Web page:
The ResMed CPAP device or the Continuous Positive Airway Pressure device is a commonly used treatment for patients with sleep apnea. The device enables people with the condition to breathe more easily and get a good night’s sleep regularly. Essentially the device increases the air pressure in your throat so that your airways do not collapse when you inhale. According to the sleep study, my airway was collapsing 64 times an hour – that is about once every minute – no wonder my sleep quality was so poor! With the use of the ResMed CPAP device, my airway blockages have reduced significantly to just 20 times an hour, hence increasing the uninterrupted sleep.

At The CPAP Clinic

In spite of realising the seriousness of the situation, I was still embarrassed when it was time to go to the CPAP clinic to get my device. Then when I got there, the embarrassment vanished – it was so crowded, I realised I was not alone. The staff themselves were really knowledgeable and never forced a decision on me. In fact, they suggested I try a few alternatives. Most companies offer a ‘rent and try’ option and I would suggest taking advantage of this because there are many alternative CPAP devices.

After trying a few devices, I settled on a ResMed device because it is smaller and quieter than most devices and I do travel a lot. You should choose a device that suits your lifestyle. Most have inbuilt humidifiers that prevent the drying of your airways. There is a mask that you can wear over your face or you can choose an air attachment that you use in the nostrils. In fact, there are a few options like: Nasal Pillows, Nasal Masks, a Full Face Mask, a Hybrid Mask or an Oral Mask.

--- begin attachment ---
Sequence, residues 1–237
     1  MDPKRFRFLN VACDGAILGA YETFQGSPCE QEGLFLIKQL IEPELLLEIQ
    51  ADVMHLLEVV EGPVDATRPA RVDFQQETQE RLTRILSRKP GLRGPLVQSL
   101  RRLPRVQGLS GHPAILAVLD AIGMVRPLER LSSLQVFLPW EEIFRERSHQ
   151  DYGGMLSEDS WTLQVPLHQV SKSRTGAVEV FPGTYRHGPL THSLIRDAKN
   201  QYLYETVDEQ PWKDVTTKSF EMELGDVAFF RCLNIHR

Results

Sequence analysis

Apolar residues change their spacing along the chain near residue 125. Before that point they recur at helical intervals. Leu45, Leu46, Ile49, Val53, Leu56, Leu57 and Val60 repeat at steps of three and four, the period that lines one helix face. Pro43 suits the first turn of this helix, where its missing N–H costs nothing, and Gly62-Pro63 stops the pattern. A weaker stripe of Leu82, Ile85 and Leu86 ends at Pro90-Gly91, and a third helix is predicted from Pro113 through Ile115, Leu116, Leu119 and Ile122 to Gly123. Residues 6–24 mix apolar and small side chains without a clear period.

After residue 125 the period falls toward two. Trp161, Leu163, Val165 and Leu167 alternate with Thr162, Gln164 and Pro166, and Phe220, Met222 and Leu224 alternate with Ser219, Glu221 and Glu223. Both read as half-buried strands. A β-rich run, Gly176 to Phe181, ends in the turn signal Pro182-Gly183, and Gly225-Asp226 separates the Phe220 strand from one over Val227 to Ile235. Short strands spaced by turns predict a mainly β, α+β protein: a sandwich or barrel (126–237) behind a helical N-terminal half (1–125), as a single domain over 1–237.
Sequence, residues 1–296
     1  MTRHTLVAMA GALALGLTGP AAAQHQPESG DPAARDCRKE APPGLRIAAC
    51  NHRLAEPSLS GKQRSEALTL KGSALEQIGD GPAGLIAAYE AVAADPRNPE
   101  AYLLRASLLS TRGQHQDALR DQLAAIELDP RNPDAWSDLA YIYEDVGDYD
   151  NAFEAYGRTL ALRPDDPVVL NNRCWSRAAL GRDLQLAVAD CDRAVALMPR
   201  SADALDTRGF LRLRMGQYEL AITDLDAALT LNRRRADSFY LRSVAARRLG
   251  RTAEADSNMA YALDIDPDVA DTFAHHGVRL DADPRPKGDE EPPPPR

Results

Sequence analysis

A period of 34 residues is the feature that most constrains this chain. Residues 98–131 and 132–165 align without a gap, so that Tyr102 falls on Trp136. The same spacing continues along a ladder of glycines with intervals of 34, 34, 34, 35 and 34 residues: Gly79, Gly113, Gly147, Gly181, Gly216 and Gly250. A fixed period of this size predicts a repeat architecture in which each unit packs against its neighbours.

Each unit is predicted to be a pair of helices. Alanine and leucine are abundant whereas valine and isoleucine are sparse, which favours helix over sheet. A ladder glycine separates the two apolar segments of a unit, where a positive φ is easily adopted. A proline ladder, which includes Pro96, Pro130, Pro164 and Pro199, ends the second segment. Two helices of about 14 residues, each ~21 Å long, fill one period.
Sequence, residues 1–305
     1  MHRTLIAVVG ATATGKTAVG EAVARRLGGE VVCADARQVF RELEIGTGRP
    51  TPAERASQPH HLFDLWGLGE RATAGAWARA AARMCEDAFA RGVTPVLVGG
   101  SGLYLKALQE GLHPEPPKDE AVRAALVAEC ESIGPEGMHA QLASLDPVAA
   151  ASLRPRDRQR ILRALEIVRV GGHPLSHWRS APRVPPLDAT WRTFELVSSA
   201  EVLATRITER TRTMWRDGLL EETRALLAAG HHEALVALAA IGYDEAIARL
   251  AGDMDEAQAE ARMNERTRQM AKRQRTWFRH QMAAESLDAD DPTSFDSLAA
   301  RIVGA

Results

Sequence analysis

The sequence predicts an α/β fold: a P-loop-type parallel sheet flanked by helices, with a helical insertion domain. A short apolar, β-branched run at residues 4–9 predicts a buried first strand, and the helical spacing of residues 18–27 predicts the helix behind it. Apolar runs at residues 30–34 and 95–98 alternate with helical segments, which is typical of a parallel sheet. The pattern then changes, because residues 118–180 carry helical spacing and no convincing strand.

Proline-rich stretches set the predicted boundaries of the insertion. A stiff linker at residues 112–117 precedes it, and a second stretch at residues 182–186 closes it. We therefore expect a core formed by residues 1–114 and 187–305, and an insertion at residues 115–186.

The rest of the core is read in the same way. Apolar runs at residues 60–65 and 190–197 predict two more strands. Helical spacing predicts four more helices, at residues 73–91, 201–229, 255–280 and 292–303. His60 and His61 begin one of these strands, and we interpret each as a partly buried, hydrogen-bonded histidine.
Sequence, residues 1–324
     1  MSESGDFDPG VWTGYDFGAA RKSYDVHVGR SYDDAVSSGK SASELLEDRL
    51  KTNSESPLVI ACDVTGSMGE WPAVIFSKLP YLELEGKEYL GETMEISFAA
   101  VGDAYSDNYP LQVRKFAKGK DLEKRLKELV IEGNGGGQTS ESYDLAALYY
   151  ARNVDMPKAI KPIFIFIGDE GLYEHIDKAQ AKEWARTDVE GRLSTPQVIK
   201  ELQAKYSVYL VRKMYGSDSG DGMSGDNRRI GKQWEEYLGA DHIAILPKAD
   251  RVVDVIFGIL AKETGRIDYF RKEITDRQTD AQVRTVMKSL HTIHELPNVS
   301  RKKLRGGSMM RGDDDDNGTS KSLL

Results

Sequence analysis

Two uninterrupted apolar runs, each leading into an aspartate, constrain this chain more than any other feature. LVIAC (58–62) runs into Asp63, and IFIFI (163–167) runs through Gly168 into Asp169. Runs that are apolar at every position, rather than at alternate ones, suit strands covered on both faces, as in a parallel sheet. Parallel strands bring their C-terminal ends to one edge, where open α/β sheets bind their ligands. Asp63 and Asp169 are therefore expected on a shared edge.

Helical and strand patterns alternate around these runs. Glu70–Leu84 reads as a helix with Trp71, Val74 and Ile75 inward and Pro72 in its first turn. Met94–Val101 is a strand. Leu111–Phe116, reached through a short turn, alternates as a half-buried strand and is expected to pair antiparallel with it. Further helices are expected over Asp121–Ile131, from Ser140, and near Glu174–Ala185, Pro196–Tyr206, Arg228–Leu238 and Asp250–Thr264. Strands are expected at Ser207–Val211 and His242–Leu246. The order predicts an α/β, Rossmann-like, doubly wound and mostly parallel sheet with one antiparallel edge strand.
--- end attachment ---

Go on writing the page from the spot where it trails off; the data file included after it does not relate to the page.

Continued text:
Your doctor can help you pick the right CPAP device with the right settings to help with your sleep apnea based on your symptoms and comfort level. The CPAP device is portable and silent. It does not disturb your partner or his/her sleep. In fact, if your apnea was accompanied by snoring, the device helps reduce it and will pleasantly surprise your partner.

Home Alone With My CPAP Device

As everybody knows, nothing works quite like it did in the shop and you only think of the really key questions when you have come back home! In my case, I wasn’t so sure about the airflow settings and adjustments for maximum comfort. Happily, the clinic staff were expert at telephone support.

The staff at the clinic were really helpful and patient and worked with me to get everything absolutely right – even after my second, third, fourth, and yes, even after the fifth call, their patience did not get affected.

It’s also good for potential CPAP users to know that most modern CPAP devices can be monitored remotely by your CPAP provider, so they can remotely make any necessary adjustments to the settings as well.

The End Result – Better Sleep

The ResMed CPAP device helped to reduce the symptoms of my sleep apnea and re-routed my life back on track. My sleep coach helped me through the entire journey and today, I have a more peaceful, noise-less, restful sleep every night.

Deepa Calais, Publisher

This article is about a personal experience with sleep apnea and CPAP devices, nothing in the article is advice or a recommendation. This patient story is a genuine and documented account of the individual’s response to treatment. Outcomes and results may vary, and this individual’s response does not provide any indication, warranty or guarantee that other people will have the same or a similar experience. Talk to your healthcare professional for further information.